Our brain releases dopamine when we play video games, spend time on social media, etc. The rewards make us keep going on and on till we are exhausted. Have you ever played a video game for hours at length? Now you know the reason why! So what you need is dopamine detox. Now what’s this? It’s like cleansing programme. You set a target for yourself. Like, if I study for 4 hours, I can play that video game or check social media for 30 minutes. Or you can have one day where you don’t login to your social media accounts, or don’t play video, something like this. Instead, you can read, watch your favourite investor’s interview, exercise, work on your side business, etc. Though it sounds tough, you can take it step by step.
8) Creative ways of training staff
[Source: The Economist
If you’re working for a corporate, it is likely that you must have attended some sort of training programme. The group-bonding exercise. The overenthusiastic guest lecturer who constructs a lengthy and banal presentation out of a series of random nouns. The debate about the company’s future which turns into an exercise in Stalinist self-criticism. It all resembles one of those nightmares when you find yourself marooned back in the school classroom. If there is one good thing about the current pandemic, it is that no one is being sent to an awayday event at a seaside resort or a country retreat. Perhaps the whole idea will become less fashionable. Thankfully, there are inventive ways to undergo training online.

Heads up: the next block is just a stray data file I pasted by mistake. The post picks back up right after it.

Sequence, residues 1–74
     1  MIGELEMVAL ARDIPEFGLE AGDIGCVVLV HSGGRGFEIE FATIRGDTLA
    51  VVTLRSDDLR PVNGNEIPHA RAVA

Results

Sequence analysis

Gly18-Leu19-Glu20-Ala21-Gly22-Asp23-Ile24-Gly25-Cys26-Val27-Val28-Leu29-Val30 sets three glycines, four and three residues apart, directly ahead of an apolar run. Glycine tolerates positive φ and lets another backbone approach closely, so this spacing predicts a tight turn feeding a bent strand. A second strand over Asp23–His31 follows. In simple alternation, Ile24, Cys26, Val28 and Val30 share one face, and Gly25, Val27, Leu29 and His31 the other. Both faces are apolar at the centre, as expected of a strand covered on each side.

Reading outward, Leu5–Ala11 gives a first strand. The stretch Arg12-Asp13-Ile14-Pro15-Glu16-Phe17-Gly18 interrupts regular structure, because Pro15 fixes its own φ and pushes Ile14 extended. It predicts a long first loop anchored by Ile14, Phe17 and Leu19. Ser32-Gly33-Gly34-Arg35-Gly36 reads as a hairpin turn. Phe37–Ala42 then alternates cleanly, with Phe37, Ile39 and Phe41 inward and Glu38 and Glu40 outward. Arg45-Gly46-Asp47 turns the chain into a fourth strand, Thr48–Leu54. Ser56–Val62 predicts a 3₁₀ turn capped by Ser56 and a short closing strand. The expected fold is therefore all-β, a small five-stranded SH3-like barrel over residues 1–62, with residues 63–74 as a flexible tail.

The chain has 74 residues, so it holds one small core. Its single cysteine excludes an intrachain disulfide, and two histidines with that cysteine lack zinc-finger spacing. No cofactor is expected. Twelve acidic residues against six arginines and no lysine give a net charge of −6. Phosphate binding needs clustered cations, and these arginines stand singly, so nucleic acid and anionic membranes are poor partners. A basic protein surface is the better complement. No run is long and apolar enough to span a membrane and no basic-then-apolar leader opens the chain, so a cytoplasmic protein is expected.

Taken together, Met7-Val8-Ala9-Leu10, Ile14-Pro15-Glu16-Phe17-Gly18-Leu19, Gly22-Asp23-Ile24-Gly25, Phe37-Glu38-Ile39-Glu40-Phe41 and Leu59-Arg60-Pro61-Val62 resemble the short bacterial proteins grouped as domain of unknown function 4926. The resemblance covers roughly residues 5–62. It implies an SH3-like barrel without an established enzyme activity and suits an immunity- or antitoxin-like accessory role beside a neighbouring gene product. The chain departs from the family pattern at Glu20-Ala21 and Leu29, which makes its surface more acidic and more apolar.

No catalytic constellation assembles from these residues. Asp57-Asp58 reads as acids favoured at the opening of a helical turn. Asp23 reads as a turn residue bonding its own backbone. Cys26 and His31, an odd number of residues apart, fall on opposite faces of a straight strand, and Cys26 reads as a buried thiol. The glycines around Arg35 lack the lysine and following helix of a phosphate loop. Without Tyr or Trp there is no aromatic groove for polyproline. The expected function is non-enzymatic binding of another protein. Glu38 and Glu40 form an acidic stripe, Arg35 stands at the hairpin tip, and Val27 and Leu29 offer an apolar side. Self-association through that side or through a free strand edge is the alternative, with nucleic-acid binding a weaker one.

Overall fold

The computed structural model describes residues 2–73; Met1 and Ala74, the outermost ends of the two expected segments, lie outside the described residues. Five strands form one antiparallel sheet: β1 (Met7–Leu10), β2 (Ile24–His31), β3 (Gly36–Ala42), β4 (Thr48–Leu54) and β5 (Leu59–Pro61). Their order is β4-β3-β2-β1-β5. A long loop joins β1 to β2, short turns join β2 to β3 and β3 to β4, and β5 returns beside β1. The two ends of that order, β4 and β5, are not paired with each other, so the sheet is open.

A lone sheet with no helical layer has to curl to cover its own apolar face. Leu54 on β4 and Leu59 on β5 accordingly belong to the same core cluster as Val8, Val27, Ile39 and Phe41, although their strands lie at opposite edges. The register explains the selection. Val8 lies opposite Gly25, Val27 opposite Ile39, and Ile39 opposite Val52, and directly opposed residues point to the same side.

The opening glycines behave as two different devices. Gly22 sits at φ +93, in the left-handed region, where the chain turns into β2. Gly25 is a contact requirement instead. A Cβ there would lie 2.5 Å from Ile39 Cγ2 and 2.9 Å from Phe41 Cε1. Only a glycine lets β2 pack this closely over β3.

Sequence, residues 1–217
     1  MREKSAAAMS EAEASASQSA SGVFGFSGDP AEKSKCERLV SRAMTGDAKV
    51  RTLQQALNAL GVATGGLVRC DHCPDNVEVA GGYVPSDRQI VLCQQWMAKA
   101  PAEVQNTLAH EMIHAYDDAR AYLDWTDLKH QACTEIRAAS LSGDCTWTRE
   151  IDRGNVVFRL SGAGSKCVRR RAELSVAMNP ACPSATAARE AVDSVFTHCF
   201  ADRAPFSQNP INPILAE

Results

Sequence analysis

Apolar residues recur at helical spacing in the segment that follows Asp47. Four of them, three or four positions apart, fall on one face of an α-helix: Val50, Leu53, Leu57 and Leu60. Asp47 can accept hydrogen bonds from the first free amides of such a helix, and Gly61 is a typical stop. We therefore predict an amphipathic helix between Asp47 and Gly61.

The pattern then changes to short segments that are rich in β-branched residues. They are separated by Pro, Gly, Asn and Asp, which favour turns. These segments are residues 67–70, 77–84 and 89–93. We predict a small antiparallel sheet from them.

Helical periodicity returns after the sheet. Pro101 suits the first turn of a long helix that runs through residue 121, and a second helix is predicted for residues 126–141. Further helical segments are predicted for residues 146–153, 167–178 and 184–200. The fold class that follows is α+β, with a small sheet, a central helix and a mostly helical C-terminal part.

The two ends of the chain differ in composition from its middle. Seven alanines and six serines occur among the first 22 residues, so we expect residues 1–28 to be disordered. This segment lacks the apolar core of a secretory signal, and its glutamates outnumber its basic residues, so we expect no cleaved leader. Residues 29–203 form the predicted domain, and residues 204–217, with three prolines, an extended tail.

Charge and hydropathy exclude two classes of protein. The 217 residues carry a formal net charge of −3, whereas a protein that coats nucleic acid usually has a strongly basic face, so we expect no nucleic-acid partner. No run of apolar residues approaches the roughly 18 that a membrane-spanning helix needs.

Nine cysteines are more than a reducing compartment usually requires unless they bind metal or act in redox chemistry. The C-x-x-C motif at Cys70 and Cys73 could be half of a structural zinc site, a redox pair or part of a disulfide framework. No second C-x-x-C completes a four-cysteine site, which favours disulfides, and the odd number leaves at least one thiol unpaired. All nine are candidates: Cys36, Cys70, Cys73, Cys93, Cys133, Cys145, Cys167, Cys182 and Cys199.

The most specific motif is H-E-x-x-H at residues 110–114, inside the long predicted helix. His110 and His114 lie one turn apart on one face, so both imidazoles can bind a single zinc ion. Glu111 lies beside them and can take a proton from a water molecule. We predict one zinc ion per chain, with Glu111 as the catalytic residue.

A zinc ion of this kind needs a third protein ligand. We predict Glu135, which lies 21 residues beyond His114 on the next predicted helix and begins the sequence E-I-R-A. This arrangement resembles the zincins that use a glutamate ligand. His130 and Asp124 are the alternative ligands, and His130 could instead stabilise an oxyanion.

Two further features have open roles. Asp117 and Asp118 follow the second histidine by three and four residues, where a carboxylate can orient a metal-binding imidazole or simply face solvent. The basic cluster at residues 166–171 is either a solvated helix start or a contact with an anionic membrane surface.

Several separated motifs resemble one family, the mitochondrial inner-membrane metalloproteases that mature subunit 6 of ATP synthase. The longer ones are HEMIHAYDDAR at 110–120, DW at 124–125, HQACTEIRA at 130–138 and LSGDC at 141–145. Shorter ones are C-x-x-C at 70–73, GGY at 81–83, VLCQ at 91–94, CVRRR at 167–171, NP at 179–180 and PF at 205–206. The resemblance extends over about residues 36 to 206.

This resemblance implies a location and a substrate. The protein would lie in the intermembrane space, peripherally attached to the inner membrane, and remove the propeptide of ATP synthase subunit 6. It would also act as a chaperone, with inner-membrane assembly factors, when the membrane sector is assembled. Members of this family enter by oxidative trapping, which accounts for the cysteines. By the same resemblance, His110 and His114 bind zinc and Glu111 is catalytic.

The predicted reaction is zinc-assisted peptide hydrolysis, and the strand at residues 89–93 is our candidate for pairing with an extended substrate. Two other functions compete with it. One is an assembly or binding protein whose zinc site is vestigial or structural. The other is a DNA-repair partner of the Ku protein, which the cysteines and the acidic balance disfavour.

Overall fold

This piece throws light on how organisations are merging comedy/poetry with their training plan. One management course used the skills of an improvisational-comedy troupe, the Second City. Fortunately, the actors at the Second City created a sitcom, “The Feedback Loop”, to illustrate the ideas. In the video, people are made to endure a version of “Groundhog Day”, in which they keep reliving the same situations until they learn from their mistakes. The fictional workers learn not to be “obnoxiously aggressive” and “manipulatively insincere”; managers realise it is hopeless to be “ruinously empathetic”. The training was originally designed for use in workshops, something that would be impossible at a time of social distancing.